Vesimulus — Molecular Systemic Simulations

From the documentation:

"Vesimulus is a simulation package for molecular stochastic simulations of metabolic or regulatory biological systems. It was developed because there was no software available which could perform simulations of how the proteins of the bacterial photosynthetic apparatus work in detail. These origins date back to 2005, when Florian Lauck set up the very first version during his bachelor thesis. Since then vesimulus was used to set up a consistent dynamic model of the bacterial photosynthesis including a complete parameterization in another two bachelor theses by Sarah Blass and Xavier Mol and also as a tool and testbed to study how to bridge the gap in scales between computational approaches from the molecular and the systems biological regimes."

Vesimulus was recently used for a systemic parametrization of the bacterial photosynthetic apparatus, in which the results from the molecular-stochastic simulation were compared to a set of macroscopic time-dependent experiments. With this combination we are now able to bridge between the so far essentially unconnected fields of molecular biological and systems biology (published in PLoS ONE).

You can download an archive with the simulation engine with all currently included protein models (mainly from photosynthesis) and the documentation including some tutorials here (version 2.1 of July 2, 2012). To use this software you need an ANSI C++ compiler, the Gnu Scientific Library, and the typical BSD or GNU userland tools. It was developed and tested on a variety of Linux and MacOSX version.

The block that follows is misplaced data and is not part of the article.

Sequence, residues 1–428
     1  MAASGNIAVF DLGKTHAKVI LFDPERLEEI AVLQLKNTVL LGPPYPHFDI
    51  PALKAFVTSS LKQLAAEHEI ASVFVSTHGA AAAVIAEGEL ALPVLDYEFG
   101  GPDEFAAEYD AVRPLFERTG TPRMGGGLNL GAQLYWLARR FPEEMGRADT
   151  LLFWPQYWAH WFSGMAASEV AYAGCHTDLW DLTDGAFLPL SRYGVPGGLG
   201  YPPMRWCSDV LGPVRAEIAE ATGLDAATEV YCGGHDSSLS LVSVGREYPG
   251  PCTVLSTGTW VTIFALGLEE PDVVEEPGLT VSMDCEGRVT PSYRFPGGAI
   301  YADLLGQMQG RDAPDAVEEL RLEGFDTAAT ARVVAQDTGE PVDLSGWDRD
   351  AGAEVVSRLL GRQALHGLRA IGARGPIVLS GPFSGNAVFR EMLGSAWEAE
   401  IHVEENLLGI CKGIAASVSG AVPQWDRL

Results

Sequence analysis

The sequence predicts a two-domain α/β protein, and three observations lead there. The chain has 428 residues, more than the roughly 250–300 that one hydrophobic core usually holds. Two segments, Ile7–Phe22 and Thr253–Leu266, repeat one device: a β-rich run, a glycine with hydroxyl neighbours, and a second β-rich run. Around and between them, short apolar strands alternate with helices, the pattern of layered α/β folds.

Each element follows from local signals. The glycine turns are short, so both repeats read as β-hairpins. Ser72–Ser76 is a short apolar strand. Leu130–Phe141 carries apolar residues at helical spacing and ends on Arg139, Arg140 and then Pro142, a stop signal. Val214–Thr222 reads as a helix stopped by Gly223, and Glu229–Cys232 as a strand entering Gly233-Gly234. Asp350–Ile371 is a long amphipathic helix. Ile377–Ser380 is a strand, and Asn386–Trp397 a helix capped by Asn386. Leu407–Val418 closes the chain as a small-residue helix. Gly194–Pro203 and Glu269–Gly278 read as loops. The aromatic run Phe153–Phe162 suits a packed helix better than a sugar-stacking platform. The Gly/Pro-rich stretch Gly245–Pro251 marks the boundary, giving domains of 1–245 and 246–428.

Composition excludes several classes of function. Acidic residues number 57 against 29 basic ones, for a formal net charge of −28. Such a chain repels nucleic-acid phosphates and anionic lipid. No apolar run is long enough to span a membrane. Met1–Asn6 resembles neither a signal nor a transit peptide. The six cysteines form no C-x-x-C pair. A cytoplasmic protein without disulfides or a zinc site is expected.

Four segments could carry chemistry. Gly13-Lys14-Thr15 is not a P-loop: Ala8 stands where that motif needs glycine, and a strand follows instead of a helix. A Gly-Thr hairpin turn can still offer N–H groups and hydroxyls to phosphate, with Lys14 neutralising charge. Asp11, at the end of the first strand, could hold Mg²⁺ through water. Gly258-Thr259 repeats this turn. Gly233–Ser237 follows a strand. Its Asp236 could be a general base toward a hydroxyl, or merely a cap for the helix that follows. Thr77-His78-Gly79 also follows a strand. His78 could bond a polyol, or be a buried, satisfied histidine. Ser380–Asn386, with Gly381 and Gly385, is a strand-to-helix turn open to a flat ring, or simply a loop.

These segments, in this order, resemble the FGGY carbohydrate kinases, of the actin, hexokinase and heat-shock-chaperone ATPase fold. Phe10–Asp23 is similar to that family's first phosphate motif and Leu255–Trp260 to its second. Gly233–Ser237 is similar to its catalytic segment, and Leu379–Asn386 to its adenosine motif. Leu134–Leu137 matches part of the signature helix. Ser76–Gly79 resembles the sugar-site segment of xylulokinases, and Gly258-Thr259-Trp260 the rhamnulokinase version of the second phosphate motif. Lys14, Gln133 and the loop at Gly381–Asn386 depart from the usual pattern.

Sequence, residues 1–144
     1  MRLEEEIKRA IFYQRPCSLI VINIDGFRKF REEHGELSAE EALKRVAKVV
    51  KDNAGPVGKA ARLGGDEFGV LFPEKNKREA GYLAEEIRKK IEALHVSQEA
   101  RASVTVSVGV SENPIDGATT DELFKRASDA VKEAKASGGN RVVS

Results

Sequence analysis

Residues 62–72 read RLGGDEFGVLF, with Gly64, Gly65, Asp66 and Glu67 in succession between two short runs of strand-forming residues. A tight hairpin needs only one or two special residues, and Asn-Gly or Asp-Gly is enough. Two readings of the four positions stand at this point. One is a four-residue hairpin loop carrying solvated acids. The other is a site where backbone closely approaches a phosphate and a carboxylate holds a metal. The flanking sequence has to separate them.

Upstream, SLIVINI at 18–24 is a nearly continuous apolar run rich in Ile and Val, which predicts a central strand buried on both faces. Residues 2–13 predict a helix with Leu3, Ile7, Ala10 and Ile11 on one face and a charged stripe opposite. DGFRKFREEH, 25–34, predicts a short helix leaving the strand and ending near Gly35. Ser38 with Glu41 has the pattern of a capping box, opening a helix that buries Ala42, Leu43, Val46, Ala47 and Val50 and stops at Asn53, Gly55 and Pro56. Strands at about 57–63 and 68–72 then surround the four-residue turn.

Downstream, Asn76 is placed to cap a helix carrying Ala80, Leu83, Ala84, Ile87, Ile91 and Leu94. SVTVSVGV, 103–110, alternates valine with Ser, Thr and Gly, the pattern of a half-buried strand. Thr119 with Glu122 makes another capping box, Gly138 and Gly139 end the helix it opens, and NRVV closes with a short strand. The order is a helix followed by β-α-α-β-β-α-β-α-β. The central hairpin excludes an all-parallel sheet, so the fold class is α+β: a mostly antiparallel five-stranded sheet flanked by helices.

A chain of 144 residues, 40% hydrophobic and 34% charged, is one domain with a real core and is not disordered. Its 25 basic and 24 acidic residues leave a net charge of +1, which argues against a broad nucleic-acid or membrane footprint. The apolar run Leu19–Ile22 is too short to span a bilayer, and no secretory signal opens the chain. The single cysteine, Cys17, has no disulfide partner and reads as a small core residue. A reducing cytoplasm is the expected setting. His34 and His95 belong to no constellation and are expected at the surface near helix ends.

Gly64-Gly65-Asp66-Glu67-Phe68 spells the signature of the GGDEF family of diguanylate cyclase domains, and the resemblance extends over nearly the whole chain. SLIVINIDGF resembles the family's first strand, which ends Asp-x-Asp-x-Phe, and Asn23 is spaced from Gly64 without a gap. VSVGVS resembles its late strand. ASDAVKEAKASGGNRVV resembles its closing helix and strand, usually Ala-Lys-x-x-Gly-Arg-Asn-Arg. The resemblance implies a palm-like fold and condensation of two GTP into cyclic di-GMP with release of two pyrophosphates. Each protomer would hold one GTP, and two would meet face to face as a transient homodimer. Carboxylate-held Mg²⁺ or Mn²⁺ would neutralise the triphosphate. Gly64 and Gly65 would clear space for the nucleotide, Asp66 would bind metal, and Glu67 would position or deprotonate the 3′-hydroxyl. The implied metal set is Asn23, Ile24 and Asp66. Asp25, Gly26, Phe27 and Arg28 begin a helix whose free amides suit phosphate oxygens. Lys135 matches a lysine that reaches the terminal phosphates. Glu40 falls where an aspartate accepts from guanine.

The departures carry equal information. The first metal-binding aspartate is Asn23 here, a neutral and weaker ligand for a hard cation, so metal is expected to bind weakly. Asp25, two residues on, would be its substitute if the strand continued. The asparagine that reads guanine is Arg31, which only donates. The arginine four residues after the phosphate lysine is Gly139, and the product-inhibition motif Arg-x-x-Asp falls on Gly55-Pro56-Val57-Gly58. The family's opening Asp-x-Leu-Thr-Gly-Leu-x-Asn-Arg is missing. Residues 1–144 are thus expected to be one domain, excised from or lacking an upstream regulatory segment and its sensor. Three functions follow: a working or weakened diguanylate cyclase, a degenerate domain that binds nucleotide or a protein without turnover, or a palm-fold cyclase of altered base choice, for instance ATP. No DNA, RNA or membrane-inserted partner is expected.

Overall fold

For questions, suggestions, bug reports, or if you are willing to share your protein models with other please contact the main author. If you want to bookmark this page please use

This software is free for academic users. It comes with absolutely no warranty. By downloading or using this software you agree that you are responsible for any consequences (sorry,  but I have to state that). If you want to use vesimulus (or parts thereof) for commercial purposes please contact the author.

The previous version 2.0.3 can be obtained here. The most important changes between 2.0 and the current 2.1 are that the directory layout was cleaned up so that the core parts of the simulation engine are now separated from the proteins and observables. There is one change that may break backwards compatibility: version 2.1 now allows to define and use constants in the setup files. Beyond that the setup file syntax has not changed.

For historians there is an even older version 2.0RC1 available 🙂